“What I like to do: remain lucid in ecstasy.”
Don’t their eyes tire of each other?
Or is it not the eyes that tire?
They’re not looking, they’re drinking,
communicating through their skin
several inches apart.
Love can’t be trusted.
But that doesn’t mean it isn’t real.
They linger over coffee; he strokes
the back of her neck; she doesn’t feel
impelled to look up or stop but, later,
she kisses him behind the ear.
And in the mountains there is
snow melting to get down from the heights
to pour through the clefts in the twisted
rocks: natural arches, obstacles—horseshoe shapes.
And in the plains there is
a dropping of the shoulder-armor,
a tingling in the hip sockets, so that even a chance touch
at the hipbone startles the center and starts
a slow convulsion—
release of two creatures
(peculiarly, perilously at odds),
used to training their gaze
on the peripheries, like this
bicycle tethered to a parking meter,
orange handlebars, silver trunk like a treasure chest
perched—not locked—on a wrought iron ledge
fixed over the chrome wheel-casings—
blue shadow-dappled twig-littered canopies,
or the small tantalizing cursive c
in the blue neon soft as silk, announcing
where the couple might return in the voluptuous dark.
The dark, quietly vibrating like a Jew’s Harp,
when they are lost in Olmsted’s
misty, labyrinthine rambles
and, framed by traffic, they pause
beside the lake in the dank air
where the water is still,
world from the blood-running pavement,
the meat-packing plants
gray and dour below the rotting piers—
warped—(and will they be replaced
with fresh wood or fazed out with poured
concrete that knows no give or take—no—swelling—…?)
What can love repair?
By what force of love
can they imagine themselves beyond
the squalor that surrounds them
onto another plane
blessed and blessing!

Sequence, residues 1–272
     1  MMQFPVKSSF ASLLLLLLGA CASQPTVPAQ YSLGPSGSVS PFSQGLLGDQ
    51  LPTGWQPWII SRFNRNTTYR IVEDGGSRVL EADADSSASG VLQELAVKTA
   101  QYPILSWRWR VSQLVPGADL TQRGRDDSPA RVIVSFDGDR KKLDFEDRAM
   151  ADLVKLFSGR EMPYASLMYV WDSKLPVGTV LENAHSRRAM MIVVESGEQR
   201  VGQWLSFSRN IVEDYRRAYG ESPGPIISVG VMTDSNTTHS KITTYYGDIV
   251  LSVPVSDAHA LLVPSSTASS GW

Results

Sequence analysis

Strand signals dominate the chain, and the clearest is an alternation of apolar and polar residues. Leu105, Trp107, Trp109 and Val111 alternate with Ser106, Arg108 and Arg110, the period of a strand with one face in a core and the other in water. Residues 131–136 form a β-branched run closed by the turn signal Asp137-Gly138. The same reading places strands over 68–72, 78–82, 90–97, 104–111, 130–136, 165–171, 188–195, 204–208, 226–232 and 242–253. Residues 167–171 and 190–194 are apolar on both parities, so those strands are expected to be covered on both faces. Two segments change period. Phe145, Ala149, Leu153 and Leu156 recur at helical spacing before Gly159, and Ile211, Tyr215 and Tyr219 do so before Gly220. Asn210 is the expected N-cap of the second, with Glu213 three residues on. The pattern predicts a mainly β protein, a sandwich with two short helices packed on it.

Who invented ecstasy?
What man or woman
first walked around
with its burden?
Cold shelter from the street,
among the bronze
mailboxes, inside the bright red—
freshly painted—door jambs.
He picks her up under the buttocks,
she arches her thighs around his hips,
plants her feet on the tiles:
tongues firm, yet tentative,
learning their own momentum;
(the rubbery wall of her mouth
takes him further in and in.)
Tongue and tongue, freckle and freckle,
tears, shuddering, swelling
in the places where they used to ache,
“ain’t no cure,”
knowing this touch,
this grave flicking
of tongues could never
be repeated, or knowing
knowing it in another consciousness.
He strokes her neck at the junction
where the occipital bone and cervical spine
cross, engage, spark;
coccyx tingles, cock rises toward
her, not into her, through her, to her;
rises as he plies
the inside of her ass and thighs,
or rubs the crevice where her right
forefinger and thumb divide,
stroking her cheek, or the hollow below her earlobe,
ankle bone, clavicle,
tonguing every millimeter,
until sea dissolves into sky
(their raft turns over
in warm water and they are that water,
and bob, afloat, buoyant;
at rest in secret knowledge of each other’s darknesses…
and now he could weep.)
But there is no ice in the water where they would roil and tumble,
and where avenues welcome those who walk hand and hand,
gait easy, backpacks half-full,
the sun coming out now, as if synchronized to their desire—
and as the runners circle the reservoir
they lower their eyes to adjust to the light
bouncing off the water to ignite
the cinders; the green through the dead-
ice capped leaves;
a small curve, an indent on the track
gleams like a bracelet,
before an azure haze takes over.
It gets warm. She has to peel her Anorak.
She cups her hand over her eyes
in the light and wind off the reservoir,
to see the easy arcs the gulls make as they spiral upward
over the all-angle roller coaster of the rooftops,
in the comforting thud of other feet,
as if lulled by the sound of a lover’s heartbeat;
distraction; she must kick the chain-link fence in order to set
off again, get back into the stream, put her mind back into her body;
her body: slender; deceptive.
There is a power in it she has always known. And feared.
Or feared others would fear.
But it’s difficult, with others, always—just how to say it?
Necessary to hold some one thing back.
Whom could she trust to let it out?
It might scare her. (Scare him.)
From The Couple